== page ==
Tagged "SMILE Program"


Ask A Therapist: Oral Placement Therapy for Teachers

Posted by Deborah Grauzam on

Hello,

 

I work in an inner city school with significant deprivation.

 

Many of the children have speech and language difficulties and when I wander into snack and lunchtime, many have immature eating patterns. Many have immature jaw and tongue movements, quiet voices and poor breath control.

 

I cannot hope to work with all the children directly.

 

I have keen K/1 teachers who would like to help.

 

I am pulling together some activities for the teachers to do with the class - songs, movements, etc., taken from voice TalkTools® and other sources. I want to include activities for respiration, phonation, resonation and articulation.

 

Has anyone tried to do this already?

 

Any pitfalls you can anticipate for me and the teachers? Any pointers?

 

I do use TalkTools® already with some students and I am finding an increasing need.

 

I am planning on doing a short pre- and post-screening possibly based on the SMILE book.

 

Many thanks,

 

Sarah

 
Hi Sarah,

First of all I admire you attempt to help so many children in need.  It is so difficult to not have availability to work with everyone one-on-one.  I think if I had to pick on thing to work on, it would be jaw strength with bite tubes because it will help in all the areas you mentioned. Horns would also be a fun rewarding task which would focus on respiration.  The challenge that I see would be not being able to monitor where they are placing the tools in their mouths, which is what makes it therapeutic. I would try to work with a different child each time to make sure they could feel where the tool needed to be and how they needed to breath or chew. Placement and form is very important.  You could watch the group as they perform the task and give verbal feedback.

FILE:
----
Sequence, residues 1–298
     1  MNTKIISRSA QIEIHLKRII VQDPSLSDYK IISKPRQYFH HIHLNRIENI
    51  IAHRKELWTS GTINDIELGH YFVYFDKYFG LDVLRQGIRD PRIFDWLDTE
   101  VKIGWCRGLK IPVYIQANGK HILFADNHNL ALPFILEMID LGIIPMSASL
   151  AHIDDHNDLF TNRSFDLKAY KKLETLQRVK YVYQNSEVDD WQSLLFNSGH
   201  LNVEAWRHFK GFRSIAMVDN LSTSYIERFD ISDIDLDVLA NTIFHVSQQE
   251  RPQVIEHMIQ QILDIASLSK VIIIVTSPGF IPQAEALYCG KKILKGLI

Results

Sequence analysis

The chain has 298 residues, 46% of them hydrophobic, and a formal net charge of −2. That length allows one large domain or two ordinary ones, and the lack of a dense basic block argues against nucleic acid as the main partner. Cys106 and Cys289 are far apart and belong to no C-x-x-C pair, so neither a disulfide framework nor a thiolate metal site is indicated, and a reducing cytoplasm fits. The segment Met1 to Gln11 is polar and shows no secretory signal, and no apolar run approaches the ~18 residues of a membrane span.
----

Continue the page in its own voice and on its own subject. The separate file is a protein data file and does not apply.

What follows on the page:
That being said, I encourage you to consult your school's Speech-Language Pathologist first for advice and mention the procedure above, and only then follow their recommendations. You could work with them as a facilitator but are not licensed to practice Speech-Language Pathology yourself, as a teacher. If there is no Speech-Language Pathologist on duty at your school, consult your state association for support.

Looking forward to hearing back.

Thanks,

Liz
 

Elizabeth Smithson, MSP, CCC-SLP is a Speech-Language Pathologist who has over 10 years of professional experience working with infants, children, adolescents and adults. She earned her Master of Speech Pathology at the University of South Carolina. Liz is also a Level 5 TalkTools® Trained Therapist. She has received specialized training in Oral Placement Therapy, Speech, Feeding, Apraxia, Sensory Processing Disorders, and PROMPT©. Liz works with clients with a wide range of disabilities including Cerebral Palsy, Down Syndrome, and Spinal Muscular Atrophy.  She works through her own private practice Elizabeth Smithson Therapy, LLC in the home setting and in the TalkTools® office in Charleston, SC.

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Ask a Therapist: SMILE protocol for Severe Diagnosis

Posted by Deborah Grauzam on

Hi,